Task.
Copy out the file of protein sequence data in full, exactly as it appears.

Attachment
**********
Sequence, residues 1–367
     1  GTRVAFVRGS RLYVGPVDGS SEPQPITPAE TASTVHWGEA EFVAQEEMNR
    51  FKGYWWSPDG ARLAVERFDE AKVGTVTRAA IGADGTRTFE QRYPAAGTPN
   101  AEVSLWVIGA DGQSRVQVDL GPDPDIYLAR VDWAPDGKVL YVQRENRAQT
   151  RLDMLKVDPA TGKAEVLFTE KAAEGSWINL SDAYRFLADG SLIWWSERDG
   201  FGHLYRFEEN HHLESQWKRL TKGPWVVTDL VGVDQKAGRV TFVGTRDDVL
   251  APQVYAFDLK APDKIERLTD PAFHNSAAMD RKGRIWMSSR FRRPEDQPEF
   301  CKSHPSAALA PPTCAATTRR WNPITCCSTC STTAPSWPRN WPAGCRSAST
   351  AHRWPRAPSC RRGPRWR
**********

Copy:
Sequence, residues 1–367
     1  GTRVAFVRGS RLYVGPVDGS SEPQPITPAE TASTVHWGEA EFVAQEEMNR
    51  FKGYWWSPDG ARLAVERFDE AKVGTVTRAA IGADGTRTFE QRYPAAGTPN
   101  AEVSLWVIGA DGQSRVQVDL GPDPDIYLAR VDWAPDGKVL YVQRENRAQT
   151  RLDMLKVDPA TGKAEVLFTE KAAEGSWINL SDAYRFLADG SLIWWSERDG
   201  FGHLYRFEEN HHLESQWKRL TKGPWVVTDL VGVDQKAGRV TFVGTRDDVL
   251  APQVYAFDLK APDKIERLTD PAFHNSAAMD RKGRIWMSSR FRRPEDQPEF
   301  CKSHPSAALA PPTCAATTRR WNPITCCSTC STTAPSWPRN WPAGCRSAST
   351  AHRWPRAPSC RRGPRWR